First and foremost, property owners should design their development to comply with existing regulations. However, in some situations there may be specific site characteristics or other unique circumstances that do not permit strict compliance with an existing regulation. Some variances may be considered by Council, while others may be considered by the Board of Variance.
In these situations, a property owner may request to vary certain regulations of the Zoning and Parking Bylaw 303, 2015 or a land use contract (other than uses and density), the Subdivision Bylaw No. 265, 1981, the Sign Bylaw 558, 1987 or a tree protection bylaw. A property owner may also apply for permission to add to, or structurally alter, a building containing a legally non-conforming use under Division 14 of the Local Government Act.
Depending on the situation, some variances may be considered by Council by way of a Development Variance Permit Application, while others may be considered by the Board of Variance. The Board of Variance is a quasi-judicial body independent from Council. This Flow Chart explains whether a variance request should be submitted under the Development Variance Permit process or the Board of Variance process.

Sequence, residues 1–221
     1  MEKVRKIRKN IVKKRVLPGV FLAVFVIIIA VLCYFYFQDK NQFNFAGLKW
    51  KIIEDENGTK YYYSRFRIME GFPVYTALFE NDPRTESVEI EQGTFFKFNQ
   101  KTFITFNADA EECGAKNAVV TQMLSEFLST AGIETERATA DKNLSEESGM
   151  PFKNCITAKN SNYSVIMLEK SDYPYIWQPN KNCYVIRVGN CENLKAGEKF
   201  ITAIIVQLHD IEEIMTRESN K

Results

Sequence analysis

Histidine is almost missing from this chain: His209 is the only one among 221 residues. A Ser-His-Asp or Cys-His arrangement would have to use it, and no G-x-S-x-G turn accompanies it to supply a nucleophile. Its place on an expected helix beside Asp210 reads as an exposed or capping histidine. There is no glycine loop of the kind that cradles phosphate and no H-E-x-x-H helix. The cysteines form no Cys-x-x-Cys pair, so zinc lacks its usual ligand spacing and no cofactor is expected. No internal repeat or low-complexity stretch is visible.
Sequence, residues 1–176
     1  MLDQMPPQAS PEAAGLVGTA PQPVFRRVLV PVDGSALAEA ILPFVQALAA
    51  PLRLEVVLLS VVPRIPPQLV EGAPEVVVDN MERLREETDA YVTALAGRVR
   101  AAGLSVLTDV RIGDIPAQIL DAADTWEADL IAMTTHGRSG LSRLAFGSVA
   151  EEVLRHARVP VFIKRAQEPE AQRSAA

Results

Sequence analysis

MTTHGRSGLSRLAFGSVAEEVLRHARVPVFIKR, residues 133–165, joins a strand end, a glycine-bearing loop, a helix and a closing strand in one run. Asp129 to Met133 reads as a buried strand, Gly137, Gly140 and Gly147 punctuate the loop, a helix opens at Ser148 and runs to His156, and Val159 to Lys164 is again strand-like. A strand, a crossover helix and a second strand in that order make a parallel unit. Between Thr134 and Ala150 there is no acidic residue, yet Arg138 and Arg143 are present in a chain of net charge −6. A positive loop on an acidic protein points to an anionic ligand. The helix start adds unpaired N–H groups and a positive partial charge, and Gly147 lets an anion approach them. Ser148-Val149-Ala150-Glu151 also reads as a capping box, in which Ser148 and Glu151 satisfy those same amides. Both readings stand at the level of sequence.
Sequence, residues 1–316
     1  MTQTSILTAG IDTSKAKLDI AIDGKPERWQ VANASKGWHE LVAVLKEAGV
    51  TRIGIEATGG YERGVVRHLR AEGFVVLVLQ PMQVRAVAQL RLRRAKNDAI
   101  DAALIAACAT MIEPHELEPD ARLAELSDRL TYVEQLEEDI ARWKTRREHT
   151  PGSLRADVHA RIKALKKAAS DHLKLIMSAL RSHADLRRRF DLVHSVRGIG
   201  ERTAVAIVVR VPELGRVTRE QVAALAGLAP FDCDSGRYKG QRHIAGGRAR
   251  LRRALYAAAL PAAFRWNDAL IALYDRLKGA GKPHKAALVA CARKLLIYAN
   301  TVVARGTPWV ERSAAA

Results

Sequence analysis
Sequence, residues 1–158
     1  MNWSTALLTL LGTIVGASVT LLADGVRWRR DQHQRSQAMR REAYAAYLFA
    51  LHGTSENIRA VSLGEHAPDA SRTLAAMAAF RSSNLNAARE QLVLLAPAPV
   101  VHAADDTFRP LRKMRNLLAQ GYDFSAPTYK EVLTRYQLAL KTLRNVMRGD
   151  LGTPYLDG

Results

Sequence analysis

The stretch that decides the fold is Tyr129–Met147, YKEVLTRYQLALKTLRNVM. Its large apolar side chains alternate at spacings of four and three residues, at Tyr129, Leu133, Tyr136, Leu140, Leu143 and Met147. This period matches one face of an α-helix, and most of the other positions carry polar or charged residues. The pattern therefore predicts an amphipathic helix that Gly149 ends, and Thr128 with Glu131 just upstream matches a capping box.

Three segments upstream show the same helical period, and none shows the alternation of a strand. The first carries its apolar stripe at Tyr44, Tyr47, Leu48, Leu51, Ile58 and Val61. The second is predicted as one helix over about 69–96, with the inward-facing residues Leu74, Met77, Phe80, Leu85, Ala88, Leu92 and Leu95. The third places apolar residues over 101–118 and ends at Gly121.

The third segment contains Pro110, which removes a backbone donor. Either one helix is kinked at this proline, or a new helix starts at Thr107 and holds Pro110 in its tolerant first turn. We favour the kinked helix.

- If your variance request is within the jurisdiction of a Development Variance Permit, refer to the Development Variance Permit process.
- If your variance request is within the jurisdiction of the Board of Variance, refer to the Board of Variance process.
The jurisdiction of Council respecting Development Variance Permits is generally broader than that of the Board of Variance. However, the jurisdictions also overlap in some respects, primarily in relation to the siting, size and dimensions of buildings and structures.